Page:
Gulf Sturgeon Facts
Common name: Gulf sturgeon
Scientific name: Acipenser oxyrinchus desotoi
Appearance: Gulf sturgeon have rows of armored plates along their sides and back, called scutes. Gulf sturgeon have a vacuum like mouth, a long snout and whiskers, called barbels. Sturgeon typically range in color from a light neutral color to dark brown and have a white under belly. Gulf sturgeon can grow to 8 feet long, and weigh 200 pounds.
Ancestry: Sturgeons are an ancient group of fish dating back about 200 million years to the age of dinosaurs. Gulf sturgeon are a subspecies of Atlantic sturgeon. Worldwide there are 27 sturgeon species and two closely related species of paddle fish.
Range: Gulf sturgeon can be found in coastal rivers of the Gulf of Mexico from the Suwannee River, Florida, to the Pearl River, Louisiana.
Habitat: The rivers where sturgeon live contain high levels of tannic acid that make the water appear darker in color. Sturgeon spawn near the headwater of rivers, and spend the summer in the mid to lower river.
Diet: Gulf sturgeon siphon their food, which includes tiny bottom-dwelling sea invertebrates, crustaceans, and marine worms. Gulf sturgeon do not feed while in rivers because searching for food requires excessive amounts of energy needed for spawning.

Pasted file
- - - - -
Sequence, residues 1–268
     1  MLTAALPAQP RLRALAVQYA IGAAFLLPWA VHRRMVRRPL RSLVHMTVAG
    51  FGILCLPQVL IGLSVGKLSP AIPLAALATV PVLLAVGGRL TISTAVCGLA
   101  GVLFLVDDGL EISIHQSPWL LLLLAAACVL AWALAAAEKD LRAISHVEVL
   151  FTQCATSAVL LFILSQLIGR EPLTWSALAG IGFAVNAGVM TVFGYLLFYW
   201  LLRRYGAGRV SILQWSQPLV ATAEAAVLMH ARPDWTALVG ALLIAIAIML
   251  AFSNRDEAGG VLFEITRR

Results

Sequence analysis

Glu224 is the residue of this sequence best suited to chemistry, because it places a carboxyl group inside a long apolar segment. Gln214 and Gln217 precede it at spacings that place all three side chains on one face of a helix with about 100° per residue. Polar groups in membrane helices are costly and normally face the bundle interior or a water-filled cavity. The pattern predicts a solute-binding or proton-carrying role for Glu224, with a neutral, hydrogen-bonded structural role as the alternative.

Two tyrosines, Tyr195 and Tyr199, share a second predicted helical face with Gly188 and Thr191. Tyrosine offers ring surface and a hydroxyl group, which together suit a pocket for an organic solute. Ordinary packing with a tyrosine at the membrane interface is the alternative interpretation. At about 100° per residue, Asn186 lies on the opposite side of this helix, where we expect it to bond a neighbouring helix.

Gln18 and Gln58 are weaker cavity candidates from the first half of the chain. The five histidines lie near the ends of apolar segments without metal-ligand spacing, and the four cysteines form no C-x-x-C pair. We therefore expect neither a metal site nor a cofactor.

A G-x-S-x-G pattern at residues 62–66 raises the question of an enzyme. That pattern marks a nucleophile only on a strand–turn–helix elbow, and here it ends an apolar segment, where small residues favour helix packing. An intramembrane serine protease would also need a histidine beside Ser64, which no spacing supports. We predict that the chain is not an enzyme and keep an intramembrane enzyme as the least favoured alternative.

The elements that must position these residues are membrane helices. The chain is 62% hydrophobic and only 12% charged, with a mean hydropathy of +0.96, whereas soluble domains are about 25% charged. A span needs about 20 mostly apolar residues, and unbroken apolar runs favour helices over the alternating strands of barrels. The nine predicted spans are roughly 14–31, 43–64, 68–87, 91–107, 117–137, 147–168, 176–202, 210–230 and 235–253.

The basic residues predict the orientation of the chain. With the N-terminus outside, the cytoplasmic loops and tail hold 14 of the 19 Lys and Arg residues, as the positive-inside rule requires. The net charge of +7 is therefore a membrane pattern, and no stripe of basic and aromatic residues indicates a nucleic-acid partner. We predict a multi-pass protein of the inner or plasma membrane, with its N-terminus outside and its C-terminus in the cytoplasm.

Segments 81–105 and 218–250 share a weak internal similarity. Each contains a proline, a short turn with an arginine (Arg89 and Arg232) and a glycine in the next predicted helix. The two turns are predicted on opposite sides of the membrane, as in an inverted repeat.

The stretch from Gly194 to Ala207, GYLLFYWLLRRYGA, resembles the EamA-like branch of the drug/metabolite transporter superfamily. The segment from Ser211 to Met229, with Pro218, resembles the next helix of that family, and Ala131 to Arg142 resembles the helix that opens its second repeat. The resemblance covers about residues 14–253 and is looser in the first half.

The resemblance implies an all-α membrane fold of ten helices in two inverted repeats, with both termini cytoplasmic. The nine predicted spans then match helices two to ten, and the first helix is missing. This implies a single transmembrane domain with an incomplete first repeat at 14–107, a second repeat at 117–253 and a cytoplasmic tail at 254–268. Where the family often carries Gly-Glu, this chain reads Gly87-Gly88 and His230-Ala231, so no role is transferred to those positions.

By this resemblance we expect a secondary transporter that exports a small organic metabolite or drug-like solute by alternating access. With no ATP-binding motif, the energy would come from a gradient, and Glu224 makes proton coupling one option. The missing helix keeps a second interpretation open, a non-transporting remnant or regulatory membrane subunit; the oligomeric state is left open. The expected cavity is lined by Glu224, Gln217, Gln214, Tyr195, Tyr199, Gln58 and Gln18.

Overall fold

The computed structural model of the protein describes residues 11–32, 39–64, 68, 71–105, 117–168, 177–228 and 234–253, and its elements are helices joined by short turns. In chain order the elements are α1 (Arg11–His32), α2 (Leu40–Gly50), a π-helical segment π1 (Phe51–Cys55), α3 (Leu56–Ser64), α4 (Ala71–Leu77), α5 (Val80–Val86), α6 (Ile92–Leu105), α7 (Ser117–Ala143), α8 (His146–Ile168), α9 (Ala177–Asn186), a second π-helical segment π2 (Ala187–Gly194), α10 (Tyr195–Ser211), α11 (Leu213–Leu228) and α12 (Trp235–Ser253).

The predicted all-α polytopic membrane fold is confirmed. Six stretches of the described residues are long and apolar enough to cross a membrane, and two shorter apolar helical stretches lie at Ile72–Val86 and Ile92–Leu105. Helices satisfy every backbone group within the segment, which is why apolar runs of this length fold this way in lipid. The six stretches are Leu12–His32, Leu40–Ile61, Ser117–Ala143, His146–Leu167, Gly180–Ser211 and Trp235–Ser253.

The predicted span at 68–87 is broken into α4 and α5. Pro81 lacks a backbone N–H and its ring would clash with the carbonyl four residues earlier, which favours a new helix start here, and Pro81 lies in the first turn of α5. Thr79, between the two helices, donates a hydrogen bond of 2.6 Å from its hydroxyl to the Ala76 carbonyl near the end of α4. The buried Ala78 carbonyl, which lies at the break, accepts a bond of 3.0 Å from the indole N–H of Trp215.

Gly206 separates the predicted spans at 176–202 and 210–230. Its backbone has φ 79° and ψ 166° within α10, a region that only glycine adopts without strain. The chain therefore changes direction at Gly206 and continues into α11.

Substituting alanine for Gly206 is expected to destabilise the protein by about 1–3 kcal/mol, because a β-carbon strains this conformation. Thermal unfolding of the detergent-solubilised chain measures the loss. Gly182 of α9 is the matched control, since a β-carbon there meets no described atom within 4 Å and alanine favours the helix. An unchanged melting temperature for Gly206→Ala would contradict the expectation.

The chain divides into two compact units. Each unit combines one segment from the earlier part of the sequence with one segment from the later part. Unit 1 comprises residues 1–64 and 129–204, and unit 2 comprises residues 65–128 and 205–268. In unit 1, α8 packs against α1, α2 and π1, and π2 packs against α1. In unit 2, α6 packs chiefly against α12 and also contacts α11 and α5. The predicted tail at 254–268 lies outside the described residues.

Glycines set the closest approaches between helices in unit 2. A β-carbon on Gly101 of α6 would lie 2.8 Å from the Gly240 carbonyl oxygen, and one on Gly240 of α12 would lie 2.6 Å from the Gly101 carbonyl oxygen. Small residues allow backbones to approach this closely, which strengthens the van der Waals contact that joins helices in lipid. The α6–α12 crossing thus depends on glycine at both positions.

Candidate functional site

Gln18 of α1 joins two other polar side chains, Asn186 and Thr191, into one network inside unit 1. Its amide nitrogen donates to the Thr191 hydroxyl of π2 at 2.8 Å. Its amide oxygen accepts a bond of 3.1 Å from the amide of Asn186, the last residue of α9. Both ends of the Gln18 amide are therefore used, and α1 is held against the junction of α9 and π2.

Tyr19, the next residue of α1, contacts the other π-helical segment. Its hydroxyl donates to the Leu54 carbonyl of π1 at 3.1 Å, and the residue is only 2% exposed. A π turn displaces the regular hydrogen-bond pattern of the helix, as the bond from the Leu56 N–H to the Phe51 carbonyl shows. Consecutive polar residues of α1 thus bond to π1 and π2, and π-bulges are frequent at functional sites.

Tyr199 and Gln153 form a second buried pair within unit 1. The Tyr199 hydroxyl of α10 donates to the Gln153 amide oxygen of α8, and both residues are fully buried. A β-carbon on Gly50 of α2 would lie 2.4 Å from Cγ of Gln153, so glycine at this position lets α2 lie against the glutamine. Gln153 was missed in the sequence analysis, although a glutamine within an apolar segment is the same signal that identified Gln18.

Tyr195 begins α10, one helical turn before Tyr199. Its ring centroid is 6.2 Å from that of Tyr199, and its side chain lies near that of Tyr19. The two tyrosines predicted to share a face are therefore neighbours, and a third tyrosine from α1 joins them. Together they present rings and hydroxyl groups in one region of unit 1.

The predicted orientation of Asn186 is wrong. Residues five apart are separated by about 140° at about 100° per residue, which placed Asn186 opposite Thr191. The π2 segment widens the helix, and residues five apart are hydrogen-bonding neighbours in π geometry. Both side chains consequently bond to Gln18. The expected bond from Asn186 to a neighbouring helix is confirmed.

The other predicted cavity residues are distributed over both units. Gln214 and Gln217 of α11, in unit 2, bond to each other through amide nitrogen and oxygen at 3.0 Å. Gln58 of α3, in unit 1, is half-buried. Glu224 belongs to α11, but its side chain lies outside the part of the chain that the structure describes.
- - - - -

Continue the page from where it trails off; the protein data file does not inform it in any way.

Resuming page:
Young: As juveniles all sturgeon are bottom feeders. The jaws of three species of Atlantic sturgeon change as they age to allow them to have a fish diet. The three species include White, Beluga and Kaluga sturgeon.
Growth: Gulf sturgeon live about 25 years. In the fall when sturgeon are in the Gulf of Mexico, they experience a substantial weight gain, followed by a weight loss during the summer. Gulf sturgeon can jump six feet out of the water.
Reproduction: Gulf sturgeon are anadromous, migrating upriver from the Gulf of Mexico in the springtime to spawn. Sturgeon cannot reproduce until they are between 8 and 12 years old. The noise sturgeon make during spawning is similar to a creaky door hinge.
Status: Gulf sturgeon were listed as threatened under the Endangered Species Act in 1991, when populations declined after a century of fishing for meat and caviar. It is illegal to catch and kill sturgeon.
Major Threats: Gulf sturgeon are endangered by dams, pollution, poaching, and habitat loss. The species is now protected against fishing.
USGS Research: Coastal Ecology & Conservation scientists and collaborators are working to understand and restore sturgeon populations and conserve its habitats in Florida rivers and the Gulf of Mexico.
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Coastal Ecology & Conservation Research Group